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P.E.I. farm owner surprised by unexpected birth of baby alpaca

Six-year-old alpaca Dorie keeps a close eye on her new baby Lolly while she is held by Island Hill Farm owner Flory Sanderson. Staff at Island Hill Farm were surprised by Lolly’s birth in mid-December because the young alpaca was not expected to be born until May.
Six-year-old alpaca Dorie keeps a close eye on her new baby Lolly while she is held by Island Hill Farm owner Flory Sanderson. Staff at Island Hill Farm were surprised by Lolly’s birth in mid-December because the young alpaca was not expected to be born until May. - Katherine Hunt

HAMPSHIRE, P.E.I. - When staff heard there was a new baby born Island Hill Farm on Dec. 15, they were in for a surprise.

While farm staff were expecting to be greeted by some baby goats when they entered the barn, they were instead surprised and excited to find a healthy, six-pound male baby alpaca waiting for them.

“Christmas came early,” said farm owner Flory Sanderson.

Some Islanders got their first chance to meet the newborn alpaca, who has been named Lolly, during the farm’s fifth annual Christmas Tree drop-off on the weekend.

While Sanderson knew her six-year-old alpaca Dorie was pregnant, she didn’t think she was due until May.

Alpacas are difficult to do ultrasounds on, which is why Dorie’s doctor thought she was about two months along in her pregnancy when she was checked in the summer. Alpacas are pregnant for 12 months before they give birth.

“You can only tell if they’re 30 to 100 days pregnant or more than four months,” said Sarah Cheverie, who works at the farm.

The successful birth was also a blessing for Dorie, whose first baby Tulula died two years ago.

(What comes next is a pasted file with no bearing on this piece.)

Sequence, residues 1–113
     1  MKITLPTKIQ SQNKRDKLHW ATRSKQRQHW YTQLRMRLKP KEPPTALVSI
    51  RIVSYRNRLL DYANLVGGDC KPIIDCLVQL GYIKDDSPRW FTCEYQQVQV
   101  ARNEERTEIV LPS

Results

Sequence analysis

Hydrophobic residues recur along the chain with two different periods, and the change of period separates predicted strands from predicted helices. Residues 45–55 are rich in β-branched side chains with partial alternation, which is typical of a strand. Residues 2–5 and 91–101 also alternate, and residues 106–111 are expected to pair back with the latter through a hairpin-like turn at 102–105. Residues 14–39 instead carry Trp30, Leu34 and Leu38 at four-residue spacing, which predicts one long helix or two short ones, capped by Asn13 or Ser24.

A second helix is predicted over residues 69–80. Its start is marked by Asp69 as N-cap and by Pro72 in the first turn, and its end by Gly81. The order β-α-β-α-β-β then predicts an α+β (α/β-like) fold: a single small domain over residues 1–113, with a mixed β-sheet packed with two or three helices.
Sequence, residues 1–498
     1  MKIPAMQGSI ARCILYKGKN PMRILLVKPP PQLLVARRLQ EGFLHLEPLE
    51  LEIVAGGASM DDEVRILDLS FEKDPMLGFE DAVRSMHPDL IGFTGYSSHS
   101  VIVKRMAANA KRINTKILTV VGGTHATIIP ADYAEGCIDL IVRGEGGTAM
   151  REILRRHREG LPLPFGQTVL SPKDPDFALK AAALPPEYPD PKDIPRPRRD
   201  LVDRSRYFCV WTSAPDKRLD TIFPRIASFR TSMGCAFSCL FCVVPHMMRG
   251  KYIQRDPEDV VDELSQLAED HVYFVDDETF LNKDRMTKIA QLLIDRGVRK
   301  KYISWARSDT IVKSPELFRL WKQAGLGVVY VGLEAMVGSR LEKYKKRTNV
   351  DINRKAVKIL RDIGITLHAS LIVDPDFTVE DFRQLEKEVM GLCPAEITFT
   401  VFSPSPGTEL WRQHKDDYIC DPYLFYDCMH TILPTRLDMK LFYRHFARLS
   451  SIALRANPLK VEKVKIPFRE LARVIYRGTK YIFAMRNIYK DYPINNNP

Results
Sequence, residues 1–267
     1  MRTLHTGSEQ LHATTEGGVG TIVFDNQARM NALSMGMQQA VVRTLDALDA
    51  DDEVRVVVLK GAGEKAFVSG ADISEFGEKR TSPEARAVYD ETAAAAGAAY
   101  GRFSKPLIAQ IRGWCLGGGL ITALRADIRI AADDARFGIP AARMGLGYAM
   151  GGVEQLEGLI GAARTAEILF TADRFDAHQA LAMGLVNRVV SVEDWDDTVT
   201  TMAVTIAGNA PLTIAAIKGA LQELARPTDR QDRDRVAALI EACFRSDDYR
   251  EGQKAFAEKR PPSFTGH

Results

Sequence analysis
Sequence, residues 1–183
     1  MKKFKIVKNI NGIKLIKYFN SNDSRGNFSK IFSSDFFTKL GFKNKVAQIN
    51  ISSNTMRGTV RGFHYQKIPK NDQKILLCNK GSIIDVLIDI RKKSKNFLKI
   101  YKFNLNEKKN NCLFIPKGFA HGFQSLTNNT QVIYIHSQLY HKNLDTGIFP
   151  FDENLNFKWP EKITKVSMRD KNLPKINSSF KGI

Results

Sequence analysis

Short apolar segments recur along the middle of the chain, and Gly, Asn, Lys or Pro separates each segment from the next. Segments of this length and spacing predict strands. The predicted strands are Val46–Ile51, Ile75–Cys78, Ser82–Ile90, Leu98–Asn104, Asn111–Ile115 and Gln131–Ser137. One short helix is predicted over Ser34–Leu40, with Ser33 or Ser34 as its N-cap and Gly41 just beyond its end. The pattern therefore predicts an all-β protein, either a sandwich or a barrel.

Tulula was born blind due to neurological damage from the -30 C temperatures during her birth.

“Flory came out and the baby was near frozen,” said Cheverie.

“The first day, we knew she was going to be a great mom.”
-Sarah Cheverie

Two-week-old baby alpaca Lolly has a bite with her mom Dorie.
Two-week-old baby alpaca Lolly has a bite with her mom Dorie.

Tulula was then taken inside the Sanderson’s home where she bumped into walls while wearing a little red coat she was given. She would periodically be taken out to Dorie, but it was too cold to keep her outside.

Tulula died after a month and Dorie did not know where she was.

“After Tulula passed, every time you’d come out to the barn with the colour red on she would run right over to you and start humming because she thought that her baby was there,” said Cheverie.

After a year of healing, Dorie was bred with Alphie, an alpaca her age who also lives on the farm. Alphie also fathered Tulula.

In the days leading up to Lolly’s birth, Cheverie said Dorie started to act strange and fellow alpacas Alphie and Kiwi were protective of her.

“She was acting funny, so it made sense why when the baby was born,” she said.

The timing of Lolly’s birth wasn’t the only surprise with the newborn alpaca.

Despite both of his parents having a brown coat, Lolly came out with cream colour.

“It was amazing because he came out white when both parents are brown,” said Cheverie, adding that Dorie has taken well to parenting.

“The first day, we knew she was going to be a great mom.”

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